Every time, every single time, I just have to say it out loud: "I can't believe we can just drive here." I bet Jeremy is really sick of hearing it, but he never says so.
To me the water looked insanely cold on the coast, so I sat on the beach with Tuna, who is usually a water dog but seemed anxious about the waves. Thankfully, Isaiah and Willow had an absolute blast. I think the trip was good for them, too, getting them out of the summer rut, giving them a chance to run wild on the beach, in the water, along the river, up a tree, whatever they needed to do.
And I couldn't stop grinning, watching them interact with Mike & Ray, who are soon to realize their dream of becoming parents. Isaiah was especially disappointed to say goodbye, but we're planning to visit this winter.
Until this trip I was prepared to scrap the summer as a disappointment. I had to abandon the garden at the farm so I've just been twiddling my thumbs, paging through seed catalogs like well-worn pornography. As much as we love it here, and as patient as we're trying to be, so many plans have fallen through and so much stress has piled on, I've just been counting the days until school starts again. This trip, and being able to spend time with Ray & Mike, totally redeemed the summer.
Hey, I just remembered that this is supposed to be a recipe post!
These pickles are aspirational. I didn't grow the beans or the zucchini, but instead of being depressed about that I'm going to be grateful for CSA baskets and the gardens plotted out in my mind.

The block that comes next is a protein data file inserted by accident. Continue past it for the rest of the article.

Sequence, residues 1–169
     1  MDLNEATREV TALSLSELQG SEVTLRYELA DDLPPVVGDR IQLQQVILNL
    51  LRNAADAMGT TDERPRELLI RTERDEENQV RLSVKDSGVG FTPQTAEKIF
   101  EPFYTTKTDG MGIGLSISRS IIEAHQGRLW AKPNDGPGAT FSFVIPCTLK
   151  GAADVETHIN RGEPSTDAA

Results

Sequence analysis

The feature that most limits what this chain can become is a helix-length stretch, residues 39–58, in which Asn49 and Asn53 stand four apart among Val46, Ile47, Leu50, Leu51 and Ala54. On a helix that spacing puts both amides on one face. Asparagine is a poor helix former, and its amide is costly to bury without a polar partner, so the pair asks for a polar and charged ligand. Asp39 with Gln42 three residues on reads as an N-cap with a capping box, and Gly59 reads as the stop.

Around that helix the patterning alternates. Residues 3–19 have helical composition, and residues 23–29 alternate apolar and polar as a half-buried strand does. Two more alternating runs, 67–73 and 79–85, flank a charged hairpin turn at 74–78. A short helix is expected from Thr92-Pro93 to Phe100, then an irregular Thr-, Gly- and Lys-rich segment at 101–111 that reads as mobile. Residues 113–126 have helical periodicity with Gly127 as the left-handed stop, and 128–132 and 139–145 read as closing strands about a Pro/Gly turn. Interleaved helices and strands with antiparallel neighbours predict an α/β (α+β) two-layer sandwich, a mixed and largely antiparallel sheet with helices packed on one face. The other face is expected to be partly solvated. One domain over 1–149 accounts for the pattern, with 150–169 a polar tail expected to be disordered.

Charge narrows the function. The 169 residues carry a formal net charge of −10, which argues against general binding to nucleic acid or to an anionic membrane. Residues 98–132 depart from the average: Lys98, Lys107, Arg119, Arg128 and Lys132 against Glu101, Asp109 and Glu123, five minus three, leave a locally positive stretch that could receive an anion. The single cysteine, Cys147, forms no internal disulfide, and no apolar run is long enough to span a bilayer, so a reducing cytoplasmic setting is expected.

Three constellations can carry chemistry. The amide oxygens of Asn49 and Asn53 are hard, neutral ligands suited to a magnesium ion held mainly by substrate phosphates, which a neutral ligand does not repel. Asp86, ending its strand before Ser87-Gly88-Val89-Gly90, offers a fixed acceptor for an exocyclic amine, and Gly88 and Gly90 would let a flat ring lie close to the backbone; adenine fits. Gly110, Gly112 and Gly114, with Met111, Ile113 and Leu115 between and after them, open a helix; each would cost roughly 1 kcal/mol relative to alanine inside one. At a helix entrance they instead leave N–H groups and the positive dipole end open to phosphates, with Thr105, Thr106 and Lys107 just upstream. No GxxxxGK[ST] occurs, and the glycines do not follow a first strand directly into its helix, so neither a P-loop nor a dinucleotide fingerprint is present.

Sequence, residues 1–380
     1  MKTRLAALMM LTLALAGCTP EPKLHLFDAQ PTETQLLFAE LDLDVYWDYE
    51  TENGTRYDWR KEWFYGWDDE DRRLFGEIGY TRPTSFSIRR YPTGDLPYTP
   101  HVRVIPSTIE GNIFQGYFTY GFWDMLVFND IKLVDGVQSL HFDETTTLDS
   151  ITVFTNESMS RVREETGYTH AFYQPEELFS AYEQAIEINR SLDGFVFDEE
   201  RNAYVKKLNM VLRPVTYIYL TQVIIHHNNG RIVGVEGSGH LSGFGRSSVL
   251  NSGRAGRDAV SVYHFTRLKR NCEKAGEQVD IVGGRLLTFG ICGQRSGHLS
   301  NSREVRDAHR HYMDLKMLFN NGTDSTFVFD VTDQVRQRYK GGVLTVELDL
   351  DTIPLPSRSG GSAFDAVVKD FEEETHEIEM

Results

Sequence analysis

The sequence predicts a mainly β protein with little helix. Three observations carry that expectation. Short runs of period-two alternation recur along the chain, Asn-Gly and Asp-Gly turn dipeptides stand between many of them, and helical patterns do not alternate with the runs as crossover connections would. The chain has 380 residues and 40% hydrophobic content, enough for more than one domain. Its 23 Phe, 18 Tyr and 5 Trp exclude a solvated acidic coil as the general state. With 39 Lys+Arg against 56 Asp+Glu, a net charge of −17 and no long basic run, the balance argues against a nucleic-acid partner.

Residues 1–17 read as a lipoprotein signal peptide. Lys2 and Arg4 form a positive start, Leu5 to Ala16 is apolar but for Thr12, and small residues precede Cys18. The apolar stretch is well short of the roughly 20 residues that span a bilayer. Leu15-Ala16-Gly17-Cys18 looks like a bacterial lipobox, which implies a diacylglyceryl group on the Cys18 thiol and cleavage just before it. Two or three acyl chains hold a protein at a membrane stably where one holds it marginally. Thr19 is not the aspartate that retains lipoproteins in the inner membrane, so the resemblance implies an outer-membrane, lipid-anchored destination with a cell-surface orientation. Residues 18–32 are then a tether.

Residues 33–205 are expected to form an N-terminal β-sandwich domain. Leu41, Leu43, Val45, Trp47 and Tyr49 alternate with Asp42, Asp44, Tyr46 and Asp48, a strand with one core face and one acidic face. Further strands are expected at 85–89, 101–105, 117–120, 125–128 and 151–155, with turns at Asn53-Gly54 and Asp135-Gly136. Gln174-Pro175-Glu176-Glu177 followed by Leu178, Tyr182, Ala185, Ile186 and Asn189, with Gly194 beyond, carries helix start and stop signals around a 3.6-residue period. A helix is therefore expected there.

The flavors in these two pickles are very different. The zucchini is sweet & sour, but don't be put off by that if you, like me, usually hate bread & butter pickles. To me the store-bought canned pickles are achingly sweet and just wrong in some way, but the sweet flavor of these homemade pickles is subtle and more than tolerable. They're good for burgers, hot dogs, and other salty meats. These pickles are also very pretty; I plan to give some away for gifts.
The basil beans, on the other hand, are deeply aromatic and intensely sour, ideal for chopping up into salads or enjoying right out of the jar. They're not very attractive as the green washes out, but still delicious.
Sweet & Sour Zucchini Pickles with Honey
3 pounds zucchini (about 9 or 10), sliced thickly
1 red onion, sliced into half-circles
4 c. apple cider vinegar
1 c. water
2/3 c. honey
1/4 c. sea salt
2 T. mustard seeds
1 T. celery seeds
Sterilize three quart jars (or 6 pint jars). Combine the vinegar, water, honey, salt, mustard, and celery seeds in a small pot and bring to a boil. As soon as the brine boils, turn off the heat.
Layer the zucchini and onions into the jars. Pour the brine into each jar to cover the zucchini. Cap and seal each jar. Let stand three days before enjoying.
Pickled Basil Beans
3 pound green beans, trimmed
1 white onion, sliced into half-circles
2 handfuls fresh basil
6 garlic cloves, lightly crushed
2 c. white wine vinegar
1/2 c. water
3 T. sea salt
6 T. mustard seeds
2 T. peppercorns
Sterilize two quart jars (or four pints). Combine the vinegar, water, salt, mustard, and peppercorns in a small pot. Bring to a boil, then turn off the heat.
Layer the beans, onion, basil, and garlic into the jars. Pour the brine over the beans, then cap and seal each jar. Let stand for three days before enjoying.
Hope you're having a wonderful summer!